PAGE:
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Pante v. Goord

State of New York Supreme Court, Appellate Division Third Judicial Department


May 27, 2010

IN THE MATTER OF MATTHEW PANTE, NOW KNOWN AS MARK WOLF, APPELLANT,
v.
GLENN S. GOORD, AS COMMISSIONER OF CORRECTIONAL SERVICES, RESPONDENT.

MEMORANDUM AND ORDER

Calendar Date: April 22, 2010

Before: Peters, J.P., Rose, Malone Jr., Stein and McCarthy, JJ.

Appeal from a judgment of the Supreme Court (McDonough, J.), entered April 25, 2007 in Albany County, which dismissed petitioner's application, in a proceeding pursuant to CPLR article 78, to review a determination of respondent finding petitioner guilty of violating certain prison disciplinary rules.

After he was accused of smoking in the shower room, petitioner struck a correction officer in the face. Petitioner was subsequently charged in a misbehavior report with assault, creating a disturbance, refusing a direct order and smoking in an unauthorized area. Following a tier III disciplinary hearing, petitioner was found not guilty of refusing a direct order and guilty of the remaining charges. This determination was affirmed on administrative appeal and petitioner thereafter commenced this CPLR article 78 proceeding. Supreme Court dismissed the petition, and petitioner now appeals.

We affirm. Contrary to petitioner's contention, he was not improperly denied the right to call both a representative from the Inspector General's office and the facility superintendent as witnesses as neither individual had personal knowledge of the incident in question (see Matter of Lozada v Cook, 67 AD3d 1232, 1233 [2009], lv denied 14 NY3d 706 [2010]). Further, the requested testimony concerning the investigation by the Inspector General's office into an alleged assault of petitioner by correction officers at another facility, and the effect that incident had on the mental health of petitioner, would have been redundant as the written report of that investigation was read into the record and the Hearing Officer took confidential testimony concerning petitioner's mental health status from a representative from the Office of Mental Health (see Matter of Scott v Fischer, 57 AD3d 1035, 1036 [2008], lv denied 12 NY3d 705 [2009].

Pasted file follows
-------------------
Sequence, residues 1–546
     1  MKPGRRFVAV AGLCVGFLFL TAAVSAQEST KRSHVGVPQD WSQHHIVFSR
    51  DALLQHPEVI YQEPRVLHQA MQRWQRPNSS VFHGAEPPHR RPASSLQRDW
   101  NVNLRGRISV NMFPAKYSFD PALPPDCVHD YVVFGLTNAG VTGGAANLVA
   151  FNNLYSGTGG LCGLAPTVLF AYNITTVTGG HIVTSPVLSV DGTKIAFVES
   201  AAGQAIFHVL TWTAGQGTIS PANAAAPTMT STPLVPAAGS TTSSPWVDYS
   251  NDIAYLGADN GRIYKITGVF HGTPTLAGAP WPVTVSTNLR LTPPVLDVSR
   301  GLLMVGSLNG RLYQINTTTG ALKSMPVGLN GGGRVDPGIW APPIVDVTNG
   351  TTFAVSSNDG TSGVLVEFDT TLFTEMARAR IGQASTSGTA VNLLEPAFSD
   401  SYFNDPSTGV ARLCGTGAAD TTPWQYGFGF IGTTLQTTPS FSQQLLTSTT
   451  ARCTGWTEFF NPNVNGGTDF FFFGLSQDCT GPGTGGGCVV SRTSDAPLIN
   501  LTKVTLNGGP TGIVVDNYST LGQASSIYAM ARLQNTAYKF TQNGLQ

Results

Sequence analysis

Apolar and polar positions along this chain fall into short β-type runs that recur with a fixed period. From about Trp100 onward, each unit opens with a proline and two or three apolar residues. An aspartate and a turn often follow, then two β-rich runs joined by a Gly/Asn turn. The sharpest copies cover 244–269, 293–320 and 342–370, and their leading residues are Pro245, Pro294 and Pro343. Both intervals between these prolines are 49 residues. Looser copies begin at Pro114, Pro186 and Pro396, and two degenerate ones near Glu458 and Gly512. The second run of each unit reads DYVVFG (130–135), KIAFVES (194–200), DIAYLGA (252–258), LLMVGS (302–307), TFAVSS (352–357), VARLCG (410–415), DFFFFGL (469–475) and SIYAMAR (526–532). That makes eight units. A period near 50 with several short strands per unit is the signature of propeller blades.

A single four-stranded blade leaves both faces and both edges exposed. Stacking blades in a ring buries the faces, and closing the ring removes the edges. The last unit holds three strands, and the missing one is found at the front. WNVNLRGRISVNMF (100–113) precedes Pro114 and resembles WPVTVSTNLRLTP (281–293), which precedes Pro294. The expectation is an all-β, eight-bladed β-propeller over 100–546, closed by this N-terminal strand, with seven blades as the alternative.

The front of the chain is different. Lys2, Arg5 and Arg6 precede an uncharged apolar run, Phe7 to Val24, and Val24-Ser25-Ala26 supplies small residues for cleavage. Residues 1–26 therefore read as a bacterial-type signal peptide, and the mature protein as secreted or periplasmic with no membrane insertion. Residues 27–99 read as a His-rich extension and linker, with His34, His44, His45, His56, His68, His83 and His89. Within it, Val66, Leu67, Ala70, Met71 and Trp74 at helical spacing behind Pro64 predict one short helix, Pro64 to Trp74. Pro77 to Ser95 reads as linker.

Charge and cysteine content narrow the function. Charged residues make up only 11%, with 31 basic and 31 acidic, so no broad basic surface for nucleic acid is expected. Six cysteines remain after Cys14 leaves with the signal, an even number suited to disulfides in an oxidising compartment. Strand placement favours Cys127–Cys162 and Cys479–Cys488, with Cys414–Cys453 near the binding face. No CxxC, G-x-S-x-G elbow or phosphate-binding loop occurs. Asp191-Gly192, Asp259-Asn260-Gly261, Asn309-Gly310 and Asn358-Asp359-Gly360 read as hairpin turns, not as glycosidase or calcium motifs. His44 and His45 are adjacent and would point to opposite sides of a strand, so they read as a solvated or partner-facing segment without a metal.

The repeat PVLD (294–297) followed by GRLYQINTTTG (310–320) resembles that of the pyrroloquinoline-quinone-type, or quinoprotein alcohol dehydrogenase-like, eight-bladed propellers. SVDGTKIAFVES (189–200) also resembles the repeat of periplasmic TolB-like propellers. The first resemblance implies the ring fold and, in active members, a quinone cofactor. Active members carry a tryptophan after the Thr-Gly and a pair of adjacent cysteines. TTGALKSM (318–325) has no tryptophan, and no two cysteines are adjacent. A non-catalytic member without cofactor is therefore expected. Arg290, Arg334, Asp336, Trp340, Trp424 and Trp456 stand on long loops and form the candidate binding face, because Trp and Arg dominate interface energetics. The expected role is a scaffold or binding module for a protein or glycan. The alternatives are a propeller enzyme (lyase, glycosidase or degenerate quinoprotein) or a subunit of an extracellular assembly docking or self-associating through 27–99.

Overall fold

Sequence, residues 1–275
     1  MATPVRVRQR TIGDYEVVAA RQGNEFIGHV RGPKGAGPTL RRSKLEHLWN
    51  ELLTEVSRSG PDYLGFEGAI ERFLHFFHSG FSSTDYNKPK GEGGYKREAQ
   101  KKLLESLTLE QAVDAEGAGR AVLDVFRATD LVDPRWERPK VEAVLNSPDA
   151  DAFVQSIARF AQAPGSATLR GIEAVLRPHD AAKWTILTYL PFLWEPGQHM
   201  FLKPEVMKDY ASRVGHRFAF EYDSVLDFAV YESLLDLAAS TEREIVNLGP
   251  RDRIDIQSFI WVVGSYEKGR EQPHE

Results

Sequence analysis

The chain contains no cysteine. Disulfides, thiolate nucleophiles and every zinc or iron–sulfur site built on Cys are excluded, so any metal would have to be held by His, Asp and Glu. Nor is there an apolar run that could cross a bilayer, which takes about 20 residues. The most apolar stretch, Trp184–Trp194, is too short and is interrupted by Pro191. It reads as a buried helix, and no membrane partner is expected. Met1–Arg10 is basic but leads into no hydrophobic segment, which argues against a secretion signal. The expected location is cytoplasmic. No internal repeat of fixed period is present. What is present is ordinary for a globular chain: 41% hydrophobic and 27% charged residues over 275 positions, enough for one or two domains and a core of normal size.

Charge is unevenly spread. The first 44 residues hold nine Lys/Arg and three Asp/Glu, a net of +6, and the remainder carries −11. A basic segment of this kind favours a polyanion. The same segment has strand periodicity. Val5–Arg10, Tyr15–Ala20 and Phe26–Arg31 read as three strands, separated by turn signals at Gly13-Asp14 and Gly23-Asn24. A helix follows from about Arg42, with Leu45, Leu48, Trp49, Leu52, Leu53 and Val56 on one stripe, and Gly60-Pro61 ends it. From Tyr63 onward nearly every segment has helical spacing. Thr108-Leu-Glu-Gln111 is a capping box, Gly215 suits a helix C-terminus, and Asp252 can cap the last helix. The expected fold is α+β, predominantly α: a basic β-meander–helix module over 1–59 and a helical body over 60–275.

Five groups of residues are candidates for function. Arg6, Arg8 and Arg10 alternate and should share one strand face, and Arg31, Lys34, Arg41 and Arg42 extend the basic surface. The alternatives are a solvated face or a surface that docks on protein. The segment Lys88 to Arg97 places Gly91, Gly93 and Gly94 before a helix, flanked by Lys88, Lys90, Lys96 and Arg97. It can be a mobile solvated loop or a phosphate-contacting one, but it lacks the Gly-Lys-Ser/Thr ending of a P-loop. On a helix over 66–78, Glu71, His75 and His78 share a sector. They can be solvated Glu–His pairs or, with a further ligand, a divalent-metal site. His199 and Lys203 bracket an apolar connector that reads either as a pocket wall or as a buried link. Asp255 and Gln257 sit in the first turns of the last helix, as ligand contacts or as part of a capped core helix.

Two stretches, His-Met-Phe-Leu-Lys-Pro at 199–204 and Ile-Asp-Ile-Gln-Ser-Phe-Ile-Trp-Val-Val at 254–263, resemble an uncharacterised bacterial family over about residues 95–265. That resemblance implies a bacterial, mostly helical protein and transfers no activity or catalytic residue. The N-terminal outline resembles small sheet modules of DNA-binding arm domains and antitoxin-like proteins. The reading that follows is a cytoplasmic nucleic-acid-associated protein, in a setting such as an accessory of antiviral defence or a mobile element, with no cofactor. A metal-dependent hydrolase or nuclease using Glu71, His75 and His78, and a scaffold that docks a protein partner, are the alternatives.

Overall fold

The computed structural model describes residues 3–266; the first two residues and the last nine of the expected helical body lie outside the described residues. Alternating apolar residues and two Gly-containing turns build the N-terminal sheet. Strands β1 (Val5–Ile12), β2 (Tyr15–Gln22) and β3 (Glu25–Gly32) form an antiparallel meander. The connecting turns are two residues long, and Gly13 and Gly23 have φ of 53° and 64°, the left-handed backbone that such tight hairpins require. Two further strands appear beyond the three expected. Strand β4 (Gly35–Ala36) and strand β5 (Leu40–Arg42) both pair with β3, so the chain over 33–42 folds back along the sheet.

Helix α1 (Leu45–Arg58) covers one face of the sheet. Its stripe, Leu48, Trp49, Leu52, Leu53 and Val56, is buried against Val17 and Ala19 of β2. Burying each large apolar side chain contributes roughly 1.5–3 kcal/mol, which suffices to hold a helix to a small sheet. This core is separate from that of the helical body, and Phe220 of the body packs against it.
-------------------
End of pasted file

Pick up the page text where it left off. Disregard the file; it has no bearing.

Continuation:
We also reject petitioner's claim that his due process rights were violated because the misbehavior report was not endorsed by every correction officer having personal knowledge of the incident. Inasmuch as all the officers involved testified at the hearing, we discern no prejudice to petitioner (see Matter of Hernandez v Selsky, 50 AD3d 1340, 1340-1341 [2008]; Matter of Davis v Goord, 21 AD3d 606, 609 [2005]). Further, we conclude that the misbehavior report provided petitioner with adequate notice of the charges to allow him to prepare a defense (see Matter of Hernandez v Fischer, 67 AD3d 1225, 1226 [2009]). Finally, petitioner's claim that the Hearing Officer failed to consider petitioner's mental health status is without merit, given the confidential testimony concerning this matter from a representative with the Office of Mental Health (see Matter of Triplett v Fischer, 54 AD3d 1075, 1076 [2006]). Petitioner's remaining contentions have been examined and found to be unavailing.

Peters, J.P., Rose, Malone Jr., Stein and McCarthy, JJ., concur.

ORDERED that the judgment is affirmed, without costs.

20100527

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